Faculty learned of the cuts on May 2. According to Margaret Nagle, a spokesperson for UMS, the layoffs were made necessary by a $5 million budget gap and union protocol was followed when determining which employees to lay off. The faculty members who were laid off all worked within the humanities and social sciences.
On May 11, students at the University of Maine at Farmington held a 24-hour sit-in at Merrill Hall protesting the cuts. The students wrote a list of demands and called for Malloy’s removal as chancellor.
While UMS initially declined to identify which departments faced cuts out of concern this would identify individual faculty members, the Sun Journal learned all staff from the women’s and gender studies program, the philosophy/religion department, and the modern languages department had been eliminated. The geography, history, and psychology departments also lost some faculty members.
According to a document Nagle shared with MainePublic, because UMF’s financial status is “weak and growing weaker,” both the university and its “most productive programs” have a “questionable future.”
“Programs with modest to weak contributions consume resources without enhancing the institutional financial overlook. This in turn deprives the more productive programs of resources that might help assure continued good performance or even improvements,” the document continues.
The university cut the women’s and gender studies program because it did not have a major and the program only supported a minor, which had four individuals enrolled for the spring 2022 semester. Similarly, the philosophy/religion program, which supported a major, two minors, and general education curriculum, was cut. The department had three graduating majors for spring 2022 and no incoming majors for the fall 2022 semester.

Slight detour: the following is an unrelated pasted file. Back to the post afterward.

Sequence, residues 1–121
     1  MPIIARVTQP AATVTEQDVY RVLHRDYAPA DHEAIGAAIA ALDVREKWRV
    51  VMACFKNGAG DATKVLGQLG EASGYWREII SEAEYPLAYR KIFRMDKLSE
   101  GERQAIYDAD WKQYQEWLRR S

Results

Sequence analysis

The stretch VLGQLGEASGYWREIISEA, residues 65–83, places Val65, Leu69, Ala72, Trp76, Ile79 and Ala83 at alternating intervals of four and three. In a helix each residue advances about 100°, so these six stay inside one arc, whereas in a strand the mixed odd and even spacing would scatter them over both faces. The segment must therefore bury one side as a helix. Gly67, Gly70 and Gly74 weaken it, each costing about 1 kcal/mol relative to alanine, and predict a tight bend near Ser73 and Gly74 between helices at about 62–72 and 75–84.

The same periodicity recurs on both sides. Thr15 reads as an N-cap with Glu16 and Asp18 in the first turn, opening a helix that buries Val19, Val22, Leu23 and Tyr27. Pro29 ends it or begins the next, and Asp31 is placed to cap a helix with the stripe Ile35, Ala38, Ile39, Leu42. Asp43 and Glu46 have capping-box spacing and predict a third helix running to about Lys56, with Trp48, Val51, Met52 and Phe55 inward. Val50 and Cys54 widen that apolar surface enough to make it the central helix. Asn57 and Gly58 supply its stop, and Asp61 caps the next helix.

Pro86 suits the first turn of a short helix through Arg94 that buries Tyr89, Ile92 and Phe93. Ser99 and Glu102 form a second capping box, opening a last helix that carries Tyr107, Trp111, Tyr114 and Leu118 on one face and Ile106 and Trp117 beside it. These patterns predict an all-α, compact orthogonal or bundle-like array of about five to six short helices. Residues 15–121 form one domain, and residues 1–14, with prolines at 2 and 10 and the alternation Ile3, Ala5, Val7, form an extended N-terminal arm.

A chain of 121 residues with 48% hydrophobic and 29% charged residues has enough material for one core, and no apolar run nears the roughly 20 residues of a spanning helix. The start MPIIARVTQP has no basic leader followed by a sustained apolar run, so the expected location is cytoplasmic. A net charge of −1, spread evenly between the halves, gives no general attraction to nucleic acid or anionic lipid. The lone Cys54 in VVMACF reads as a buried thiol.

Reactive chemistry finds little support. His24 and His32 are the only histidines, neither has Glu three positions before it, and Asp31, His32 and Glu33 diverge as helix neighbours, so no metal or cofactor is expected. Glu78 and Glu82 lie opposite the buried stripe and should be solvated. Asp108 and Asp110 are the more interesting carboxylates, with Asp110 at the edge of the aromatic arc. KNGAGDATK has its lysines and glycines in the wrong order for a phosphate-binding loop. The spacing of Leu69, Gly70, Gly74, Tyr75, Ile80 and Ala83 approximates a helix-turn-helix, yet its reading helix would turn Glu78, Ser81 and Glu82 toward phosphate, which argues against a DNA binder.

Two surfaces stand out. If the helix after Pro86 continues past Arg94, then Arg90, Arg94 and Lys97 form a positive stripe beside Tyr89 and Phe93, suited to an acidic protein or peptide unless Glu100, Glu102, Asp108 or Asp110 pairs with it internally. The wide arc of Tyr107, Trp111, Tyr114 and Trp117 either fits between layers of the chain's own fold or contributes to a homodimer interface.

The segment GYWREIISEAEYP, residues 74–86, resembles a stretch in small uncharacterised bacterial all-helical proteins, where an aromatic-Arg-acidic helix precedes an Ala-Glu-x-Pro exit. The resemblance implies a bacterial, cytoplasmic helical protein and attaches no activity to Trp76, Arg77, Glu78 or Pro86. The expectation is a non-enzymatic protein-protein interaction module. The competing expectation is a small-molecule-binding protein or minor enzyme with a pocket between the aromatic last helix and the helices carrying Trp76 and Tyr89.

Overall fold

A process to relocate the faculty within the UMS is reportedly underway.
Malloy received a third vote of no confidence in his leadership from the UMF faculty on May 19. The resolution on which the UMF faculty voted alleged Malloy had “engaged in a pattern of behavior that disregards the standards of shared governance and the autonomy and missions of the individual UMS campuses.” It also touched on the retrenchment the university is facing.
Malloy said via press release that he takes the vote seriously and understands UMF faculty are “reacting to very difficult decisions and challenges.”
“The System will continue to do everything that it can to find new opportunities for the members of the faculty who were directly impacted by these changes. I know this is hard and I know that there will be those who disagree with this course of action. I am accountable for my decision to approve this plan, as difficult as it is, and understand that it is my responsibility to implement the vision and strategies set forth by the Board of Trustees even when that requires incredibly hard choices,” Malloy said.
Laliberte is still scheduled to begin as UMA’s president on August 1.
Editor’s Note: This article was updated on May 19 to reflect a third no confidence vote in Malloy’s leadership taken by the faculty senate at the University of Maine Farmington.
Photo: University of Maine System